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Why For?

Why For?

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Before we get started here, I just want to share a bit of good news. That brand-new snazzy version of www.savedisney.com that I talked about earlier this week over at AintItCoolNews.com? Well, it's finally gone live. And it's well worth a looksee.

Anyway ... first up, we've got an e-mail from big WALL with a question about an old MGM street show:

Dear Mr. Hill,

I am a huge fan of your work. Now that we got that out of the way, I remember in the mid-90's an advertised attraction at MGM Studios for an Ace Ventura meet and greet. I don't think it ever happened, but do you know anything of its fate? And yes, I'm sure it was Disney. I have the brochure somewhere in here.

Thank you for your time.

Thanks,

big WALL

Dear big WALL,

Strange as it may seem, Ace Ventura actually DID make appearances at the Disney-MGM studio theme during the winter of 1995. No, not Jim Carrey himself. But -- rather -- a Disney cast member who looked and dressed like Carrey's pet detective.

As far as theme park shows go, this one was pretty lame. WDW guests who gathered out on New York Street got to watch this Carrey clone climb the side of a building and then rescue an albino bat (a supposedly rare creature that played an important part in the 1995 "Ace Ventura" sequel, "When Nature Calls"). Afterwards, Ace returned to street level and happily posed for photos and signed autographs.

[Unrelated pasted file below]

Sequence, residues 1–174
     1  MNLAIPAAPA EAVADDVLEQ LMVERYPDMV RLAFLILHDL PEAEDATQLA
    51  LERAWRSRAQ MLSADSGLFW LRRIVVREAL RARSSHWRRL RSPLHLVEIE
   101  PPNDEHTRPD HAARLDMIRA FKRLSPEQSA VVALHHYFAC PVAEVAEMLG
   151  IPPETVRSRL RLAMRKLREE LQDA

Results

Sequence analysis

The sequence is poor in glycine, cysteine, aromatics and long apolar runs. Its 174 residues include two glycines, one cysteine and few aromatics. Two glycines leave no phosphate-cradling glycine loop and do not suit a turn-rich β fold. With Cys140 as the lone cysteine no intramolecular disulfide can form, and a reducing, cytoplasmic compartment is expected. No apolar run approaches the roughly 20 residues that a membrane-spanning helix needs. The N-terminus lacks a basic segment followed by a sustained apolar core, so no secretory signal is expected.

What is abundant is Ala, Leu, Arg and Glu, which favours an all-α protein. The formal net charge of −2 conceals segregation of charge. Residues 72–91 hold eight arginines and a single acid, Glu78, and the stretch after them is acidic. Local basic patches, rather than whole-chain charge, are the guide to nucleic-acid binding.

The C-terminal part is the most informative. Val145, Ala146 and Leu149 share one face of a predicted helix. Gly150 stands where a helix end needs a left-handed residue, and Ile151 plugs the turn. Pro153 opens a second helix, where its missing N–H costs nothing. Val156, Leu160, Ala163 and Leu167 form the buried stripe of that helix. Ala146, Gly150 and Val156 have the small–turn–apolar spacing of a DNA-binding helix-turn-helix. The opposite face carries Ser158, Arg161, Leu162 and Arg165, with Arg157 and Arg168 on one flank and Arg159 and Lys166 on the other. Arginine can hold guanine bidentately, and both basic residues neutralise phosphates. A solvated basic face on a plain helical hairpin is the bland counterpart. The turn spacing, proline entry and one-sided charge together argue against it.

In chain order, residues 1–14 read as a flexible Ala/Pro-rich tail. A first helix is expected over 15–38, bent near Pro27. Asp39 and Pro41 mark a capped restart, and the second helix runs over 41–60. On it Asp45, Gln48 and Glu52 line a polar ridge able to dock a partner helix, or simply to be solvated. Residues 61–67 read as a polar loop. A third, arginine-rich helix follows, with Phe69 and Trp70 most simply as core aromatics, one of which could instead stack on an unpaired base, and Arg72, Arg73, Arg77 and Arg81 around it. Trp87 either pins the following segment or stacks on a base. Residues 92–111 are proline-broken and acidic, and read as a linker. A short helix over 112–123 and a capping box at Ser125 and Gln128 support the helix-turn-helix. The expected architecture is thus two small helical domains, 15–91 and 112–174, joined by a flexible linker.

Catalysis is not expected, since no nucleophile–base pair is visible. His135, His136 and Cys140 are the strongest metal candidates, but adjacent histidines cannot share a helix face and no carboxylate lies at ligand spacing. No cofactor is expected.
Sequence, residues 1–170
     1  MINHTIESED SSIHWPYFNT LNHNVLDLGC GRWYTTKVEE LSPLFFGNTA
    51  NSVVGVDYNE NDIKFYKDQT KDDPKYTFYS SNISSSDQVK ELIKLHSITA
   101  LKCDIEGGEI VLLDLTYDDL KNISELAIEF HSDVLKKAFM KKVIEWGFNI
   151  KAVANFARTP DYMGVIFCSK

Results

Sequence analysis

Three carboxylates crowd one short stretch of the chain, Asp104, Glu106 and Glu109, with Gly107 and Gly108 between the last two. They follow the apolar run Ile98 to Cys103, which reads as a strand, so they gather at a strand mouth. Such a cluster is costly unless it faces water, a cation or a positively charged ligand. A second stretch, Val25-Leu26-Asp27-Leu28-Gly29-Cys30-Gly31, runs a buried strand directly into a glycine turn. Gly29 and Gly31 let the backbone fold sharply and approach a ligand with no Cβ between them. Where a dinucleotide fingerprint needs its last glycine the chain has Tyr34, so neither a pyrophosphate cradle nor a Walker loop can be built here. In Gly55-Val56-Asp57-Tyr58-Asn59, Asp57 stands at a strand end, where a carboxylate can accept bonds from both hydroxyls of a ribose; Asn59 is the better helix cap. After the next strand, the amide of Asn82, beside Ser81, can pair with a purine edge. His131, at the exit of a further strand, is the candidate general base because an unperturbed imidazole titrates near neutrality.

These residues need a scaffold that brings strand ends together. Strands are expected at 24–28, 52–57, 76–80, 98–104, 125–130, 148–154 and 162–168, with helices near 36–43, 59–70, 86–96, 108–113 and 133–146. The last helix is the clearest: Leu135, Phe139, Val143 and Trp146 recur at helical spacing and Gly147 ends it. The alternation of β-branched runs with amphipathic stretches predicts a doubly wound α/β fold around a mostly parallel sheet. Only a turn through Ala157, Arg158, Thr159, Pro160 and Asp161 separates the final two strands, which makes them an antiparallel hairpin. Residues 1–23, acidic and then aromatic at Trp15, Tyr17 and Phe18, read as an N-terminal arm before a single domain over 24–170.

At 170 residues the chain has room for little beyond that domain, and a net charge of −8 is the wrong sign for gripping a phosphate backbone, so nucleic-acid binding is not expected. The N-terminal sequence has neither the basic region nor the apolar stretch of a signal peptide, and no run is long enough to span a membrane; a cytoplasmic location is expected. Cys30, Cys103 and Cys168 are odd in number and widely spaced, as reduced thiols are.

That was pretty much the show in a nutshell. No singing, no dancing. No live animals on display. Just some Disney cast member wearing a Hawaiian shirt as well as an Ace Ventura wig doing a G-rated impression of Carrey's character. Given that this Disney-MGM show only ran for three month before the Mouse pulled the plug ... well, I'm guessing that you can tell that Mr. Ventura didn't prove to be all that popular with WDW visitors.

Which is why the "Ace Ventura Live" show ended up on Disney-MGM's scrap heap. Alongside R.L. Stine's "Goosebumps" show and the "New Let's Make a Deal."

Next, Tonny S. from the Netherlands checks in to ask about a persistent rumor that's been bouncing around the Web.

Hi Jim,

Disney and Turkey?!

No, I'm not talking about those flying creatures that inhabit the earth, I'm talking about turkey as a country. Here's something I found on the Internet:

BIGGEST EUROPEAN DISNEYLAND TO BE BUILT IN ANTALYA -- Antalya is preparing to be the host of one of the biggest projects in Turkey. The meetings between Ata Holding Company and Walt Disney Corporation, which were being held secretly to build one of the biggest entertainment centre in Europe, reached the final stage. According to the news published in the 'Para' magazine, the Deputy Chairman of the Executive Board of Walt Disney Corporation will arrive in Turkey and start this project. A member of the Executive Board of Ata Holding Company, Erhan Kurdoglu, said, "We made an agreement in principle for the implementation of the Disneyland project, which we expect to amount to nearly 1.6 billion dollars according to the first calculations. During the meeting that we held with the officials from Walt Disney administration, they told us that they would meet half of the investment cost."

Now I know how unreliable the Internet is. I actually heard someone mention that this "news" came from an international hotel association or other (which sounds pretty reliable). But still, I haven't heard a
thing about this! Do you have any idea if there is any truth to this story? It seems rather farfetched to me, but who knows...

Buhbye,
Tonny S.
The Netherlands

Dear Tonny,